Here are three questions to ask your developers about their security practices:

  1. Do you hold any accreditation that identifies secure cyber business practices?
  2. What frameworks do you follow to ensure you create secure products?
  3. What are the models you use to secure sensitive data?
What you can do Securing Your Business from Web Attacks

What more you can do …

In addition to seeking the above information, here are our recommendations to enhance the security of your website and protect your data. Following these recommendations will enable you to defend against most automated attacks and begin to defend against targeted attacks. Our next line of defence is to:

  • Perform quarterly external and internal Vulnerability Assessments (VA) to identify and remediate vulnerabilities. If you use cloud-hosted services, ensure this is also included.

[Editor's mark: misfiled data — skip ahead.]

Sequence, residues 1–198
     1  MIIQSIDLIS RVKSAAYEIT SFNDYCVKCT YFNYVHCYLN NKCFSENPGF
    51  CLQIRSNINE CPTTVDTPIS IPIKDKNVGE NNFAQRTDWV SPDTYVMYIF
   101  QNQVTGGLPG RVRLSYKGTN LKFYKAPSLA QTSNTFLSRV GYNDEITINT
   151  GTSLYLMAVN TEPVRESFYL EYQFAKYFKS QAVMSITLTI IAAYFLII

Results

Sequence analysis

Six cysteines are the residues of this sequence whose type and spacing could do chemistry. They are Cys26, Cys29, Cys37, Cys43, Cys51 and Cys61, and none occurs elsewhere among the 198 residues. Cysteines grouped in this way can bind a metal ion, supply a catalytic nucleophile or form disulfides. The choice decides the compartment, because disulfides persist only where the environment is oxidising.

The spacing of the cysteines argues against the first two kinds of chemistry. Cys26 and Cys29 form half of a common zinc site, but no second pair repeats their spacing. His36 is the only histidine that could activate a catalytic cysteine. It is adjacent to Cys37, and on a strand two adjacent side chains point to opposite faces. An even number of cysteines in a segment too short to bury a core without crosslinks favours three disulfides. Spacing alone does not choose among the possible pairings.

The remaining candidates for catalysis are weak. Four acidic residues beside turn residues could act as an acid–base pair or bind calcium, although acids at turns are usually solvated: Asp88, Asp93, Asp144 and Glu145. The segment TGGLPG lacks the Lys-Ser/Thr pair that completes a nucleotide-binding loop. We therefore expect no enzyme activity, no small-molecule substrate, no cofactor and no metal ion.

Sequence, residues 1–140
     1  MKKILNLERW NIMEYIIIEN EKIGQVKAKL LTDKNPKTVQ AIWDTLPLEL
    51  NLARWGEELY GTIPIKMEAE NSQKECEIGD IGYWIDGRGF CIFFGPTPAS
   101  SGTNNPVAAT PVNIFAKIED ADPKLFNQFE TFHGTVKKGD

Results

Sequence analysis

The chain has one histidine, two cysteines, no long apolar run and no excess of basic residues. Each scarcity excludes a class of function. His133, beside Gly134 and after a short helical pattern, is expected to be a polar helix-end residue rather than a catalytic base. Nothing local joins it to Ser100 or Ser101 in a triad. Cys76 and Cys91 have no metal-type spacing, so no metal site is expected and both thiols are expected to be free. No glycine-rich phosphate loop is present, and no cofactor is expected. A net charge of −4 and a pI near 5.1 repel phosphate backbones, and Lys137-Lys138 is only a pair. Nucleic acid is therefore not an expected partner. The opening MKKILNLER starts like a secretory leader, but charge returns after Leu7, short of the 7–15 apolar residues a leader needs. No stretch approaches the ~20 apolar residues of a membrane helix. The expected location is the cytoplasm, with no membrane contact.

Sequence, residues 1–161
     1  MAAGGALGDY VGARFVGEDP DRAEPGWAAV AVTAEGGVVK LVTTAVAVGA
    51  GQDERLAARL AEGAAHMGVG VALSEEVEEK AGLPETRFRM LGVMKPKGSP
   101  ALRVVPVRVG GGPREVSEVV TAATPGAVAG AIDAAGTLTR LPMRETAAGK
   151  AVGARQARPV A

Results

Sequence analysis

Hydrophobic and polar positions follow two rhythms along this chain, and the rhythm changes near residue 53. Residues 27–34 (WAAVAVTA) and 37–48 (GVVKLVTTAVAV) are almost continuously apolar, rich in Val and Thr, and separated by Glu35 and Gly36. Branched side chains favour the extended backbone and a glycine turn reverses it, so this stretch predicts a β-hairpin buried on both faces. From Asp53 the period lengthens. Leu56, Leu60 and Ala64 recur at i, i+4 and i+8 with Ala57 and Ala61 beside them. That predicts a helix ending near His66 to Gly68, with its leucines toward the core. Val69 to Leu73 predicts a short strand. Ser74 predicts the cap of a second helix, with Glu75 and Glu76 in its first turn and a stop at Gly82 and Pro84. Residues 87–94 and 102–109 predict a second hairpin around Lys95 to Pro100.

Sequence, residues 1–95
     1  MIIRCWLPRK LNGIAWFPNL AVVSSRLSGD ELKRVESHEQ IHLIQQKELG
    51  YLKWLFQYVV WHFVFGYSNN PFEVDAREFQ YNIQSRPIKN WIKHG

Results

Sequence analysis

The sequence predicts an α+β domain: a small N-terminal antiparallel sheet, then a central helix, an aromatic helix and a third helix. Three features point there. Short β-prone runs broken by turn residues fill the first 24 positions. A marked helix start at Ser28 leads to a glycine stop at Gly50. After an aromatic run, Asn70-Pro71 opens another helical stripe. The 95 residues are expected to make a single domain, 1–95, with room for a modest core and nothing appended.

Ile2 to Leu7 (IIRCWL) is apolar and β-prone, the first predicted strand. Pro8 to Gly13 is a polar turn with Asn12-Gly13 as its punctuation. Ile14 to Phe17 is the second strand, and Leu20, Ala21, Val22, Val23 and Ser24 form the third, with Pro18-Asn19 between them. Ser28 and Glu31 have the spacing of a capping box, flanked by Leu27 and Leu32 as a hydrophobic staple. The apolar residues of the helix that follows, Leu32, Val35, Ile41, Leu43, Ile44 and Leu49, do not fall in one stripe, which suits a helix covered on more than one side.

• Perform a Penetration Test (PT) annually against any owned website and database.
  • Implement patching and update management to ensure systems are not using vulnerable older versions. 
  • Protect against XSS and SQL Injection by validating all user input forms to conform with considered acceptable input.
  • Install and regularly run more than one antivirus software. These should include PHP malware scanners to ensure that files are not malicious.
  • Integrate File Integrity Monitoring (FIM) to monitor all changes to the files on your website, allowing you to detect any malicious modifications.
  • Anonymise customer data by only storing customer ID numbers. This important step will avoid unnecessary Personally Identifiable Information (PII) exposure in the event of a breach or leak.